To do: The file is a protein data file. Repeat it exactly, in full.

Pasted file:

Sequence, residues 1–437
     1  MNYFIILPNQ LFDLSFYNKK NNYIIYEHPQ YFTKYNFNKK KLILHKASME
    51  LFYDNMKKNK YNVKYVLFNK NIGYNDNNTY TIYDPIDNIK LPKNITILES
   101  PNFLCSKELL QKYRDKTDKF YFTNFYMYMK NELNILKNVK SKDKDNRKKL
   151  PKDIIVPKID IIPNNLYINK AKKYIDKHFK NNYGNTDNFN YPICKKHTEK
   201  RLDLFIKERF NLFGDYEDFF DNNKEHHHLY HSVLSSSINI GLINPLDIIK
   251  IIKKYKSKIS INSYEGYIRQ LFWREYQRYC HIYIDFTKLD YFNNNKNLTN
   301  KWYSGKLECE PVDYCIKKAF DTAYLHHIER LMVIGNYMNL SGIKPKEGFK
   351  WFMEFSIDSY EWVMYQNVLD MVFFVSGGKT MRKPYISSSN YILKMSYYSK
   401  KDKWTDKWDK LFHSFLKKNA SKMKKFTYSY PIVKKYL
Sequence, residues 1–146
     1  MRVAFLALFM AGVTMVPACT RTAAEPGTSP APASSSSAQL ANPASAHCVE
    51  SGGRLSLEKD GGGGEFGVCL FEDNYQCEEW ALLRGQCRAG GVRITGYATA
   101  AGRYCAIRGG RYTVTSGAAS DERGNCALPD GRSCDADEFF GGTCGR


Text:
Sequence, residues 1–437
     1  MNYFIILPNQ LFDLSFYNKK NNYIIYEHPQ YFTKYNFNKK KLILHKASME
    51  LFYDNMKKNK YNVKYVLFNK NIGYNDNNTY TIYDPIDNIK LPKNITILES
   101  PNFLCSKELL QKYRDKTDKF YFTNFYMYMK NELNILKNVK SKDKDNRKKL
   151  PKDIIVPKID IIPNNLYINK AKKYIDKHFK NNYGNTDNFN YPICKKHTEK
   201  RLDLFIKERF NLFGDYEDFF DNNKEHHHLY HSVLSSSINI GLINPLDIIK
   251  IIKKYKSKIS INSYEGYIRQ LFWREYQRYC HIYIDFTKLD YFNNNKNLTN
   301  KWYSGKLECE PVDYCIKKAF DTAYLHHIER LMVIGNYMNL SGIKPKEGFK
   351  WFMEFSIDSY EWVMYQNVLD MVFFVSGGKT MRKPYISSSN YILKMSYYSK
   401  KDKWTDKWDK LFHSFLKKNA SKMKKFTYSY PIVKKYL
Sequence, residues 1–146
     1  MRVAFLALFM AGVTMVPACT RTAAEPGTSP APASSSSAQL ANPASAHCVE
    51  SGGRLSLEKD GGGGEFGVCL FEDNYQCEEW ALLRGQCRAG GVRITGYATA
   101  AGRYCAIRGG RYTVTSGAAS DERGNCALPD GRSCDADEFF GGTCGR